Why this former English teacher left 170 students per year to pursue her first love. She reveals her actual earnings as a teacher and how much made with multiple streams of income several years ago. Returning to her first love, business ownership, was an outstanding way to turn a new idea into a profitable income.
What does it mean to have a career change mid-year? Most newbie teachers desire to teach children from a position of passion. Some remain in the classroom until retirement. Other’s teach for a few years. Then, decide to move up the ladder. Let’s be honest. Moving into higher areas in education certainly, yields more money. And, those who do may still have the heart for students, but prefer to pursue leadership to help with the culture of a school and betterment for staff. Conversely, unless you move to an area of administration, director or superintendent, the money is tough to live life daily.
I began the teaching certification career my last year of grad school. Before this, I taught classes without a certification. I took the advice of someone to pursue certification, so I got hired as a highly qualified teacher through the alternate route program. For some reason, during my transition out of grad school, I did not return to entrepreneurship. My heart shifted momentarily to the classroom. I remember days in and out of experiencing mental and physical exhaustion. Teachers are required to stand on their feet a lot during classroom instruction and to monitor students while working actively. I taught English–a state tested subject, which required focused planning, data analysis, and “teaching to the test.” At the end of the day, the administration needs their passing rate numbers high. Whatever pressure came to them, also compounded the teachers.
I entered the education profession with a B.A. and Master of Divinity from the influence and advice of a dear friend. Human Resources honored my Master’s degree and gave me two years teaching experience. My starting salary was $38K. After taxes, teacher retirement system and health care deductions, I grossed only $1900. When multiplied by 12, I had to live off of $23K. But, after paying church tithe & offering, rent, car note, car insurance, electric, gas, food, cell phone, etc. I had roughly $280 left for the month. In some states, teachers get paid monthly. I stretched $280 until my next pay day. I did take on additional hours like at Saturday school or tutoring. Teachers usually make $20 to $25 per hour, or they can get a small stipend for extracurricular activities. There still isn’t much for “living.” When I moved to teach in Texas, my salary increased to $53K. I grossed $3100 after deductions, which left me with $495 for the month. To live comfortably, teacher’s need an additional salary. It’s difficult living off of this wage. Being a visual person for numbers, I wrote something like this on a piece of paper.
Annual Salary: $53,000
Annual Gross: $3100 (per month) x 12 = 37,200
Total Deductions: $53,000 – $37, 200 = $15,800
Household/Living Expenses: $36,705
Monthly Remains: $495.00
Remains By the Year: $495.00 x 12 = $5,940
Seeing my actual numbers constrained me to want administration. While teaching, I obtained a second master’s degree in Educational Leadership/Administration and completed the Principal Certification classes and intern to become an administrator. Each avenue I tried to pursue I encountered road blocks. After completing the Principal program, I listened to the advice of many leaders all to no avail. Here I am no assistant principal, no principal, and no director, which are all six-figure earning positions. However, they require more extreme stresses on the brain and body. A foot fracture and new school to teach at a year later, I get this beautiful burden to gently nudge me daily to return to my first love: entrepreneurship.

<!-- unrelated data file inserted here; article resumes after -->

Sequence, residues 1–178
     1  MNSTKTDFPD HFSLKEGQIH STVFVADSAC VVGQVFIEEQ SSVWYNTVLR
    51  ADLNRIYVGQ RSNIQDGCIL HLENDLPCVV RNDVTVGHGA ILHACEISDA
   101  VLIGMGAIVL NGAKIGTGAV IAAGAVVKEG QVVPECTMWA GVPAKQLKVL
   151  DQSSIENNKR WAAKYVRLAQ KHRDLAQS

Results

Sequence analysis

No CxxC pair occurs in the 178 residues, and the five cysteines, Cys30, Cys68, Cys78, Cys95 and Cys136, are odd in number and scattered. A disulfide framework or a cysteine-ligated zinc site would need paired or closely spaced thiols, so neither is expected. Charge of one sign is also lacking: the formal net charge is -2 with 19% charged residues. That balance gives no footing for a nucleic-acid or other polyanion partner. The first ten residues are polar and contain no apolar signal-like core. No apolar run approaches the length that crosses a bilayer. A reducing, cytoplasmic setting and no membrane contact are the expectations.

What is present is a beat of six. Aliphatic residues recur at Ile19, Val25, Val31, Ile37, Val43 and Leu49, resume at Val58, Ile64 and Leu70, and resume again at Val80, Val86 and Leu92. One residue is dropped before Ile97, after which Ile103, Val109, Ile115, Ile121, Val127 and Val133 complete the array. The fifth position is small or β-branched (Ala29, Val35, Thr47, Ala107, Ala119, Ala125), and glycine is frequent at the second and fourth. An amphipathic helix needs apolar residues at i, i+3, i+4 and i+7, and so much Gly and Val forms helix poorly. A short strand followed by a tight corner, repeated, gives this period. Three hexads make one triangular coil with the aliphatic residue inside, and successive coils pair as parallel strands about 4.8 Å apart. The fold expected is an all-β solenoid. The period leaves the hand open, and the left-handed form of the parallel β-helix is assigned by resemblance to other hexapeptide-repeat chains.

Real leaders cannot escape their call to lead. 13 years ago, I owned three businesses: a Christian Newspaper, a Graphics Company, and Music Production Company. Each entity had its revenue stream. I started working from my bedroom. Purchased a desk, upgraded my desktop, had a color laser printer to produce samples for clients, two cell phones, business cards, etc. I was in business. I received clients by word of mouth and people observed my style of work, and gravitated to it. I had a daily working niche. My numbers reflected the following:
Daily Gross: $150 (per graphic design) x 5 = $750
Weekly Gross $750 x 5 = $3750
Monthly Gross $3750 x 4 = $15,000 (includes $5K for Advertising)
Again, these numbers are from the two of my three companies. My target market was small business both for-profit and non-profit. The print industry was in heavy demand. My job was certainly direct-marketing. When I decided to pursue my Master of Divinity, it was difficult for me to work on the three businesses and study. The one thing I understood about myself was how many projects I could work on at one time. So, I put the companies on hold.
Now, I am back into it with greater force and more knowledge. Do not misunderstand my passions. I love my students. My heart said I had to find my first love, again. My first love requires more time and diligence, but it doesn’t feel as exhaustive. I enjoy waking each morning and traveling. I feel a burst of excitement helping clients and ensuring they get everything needed for their ideas and brand. I’m grateful that my first love waited so many years for my return. We are moving forward as if there was never a pause.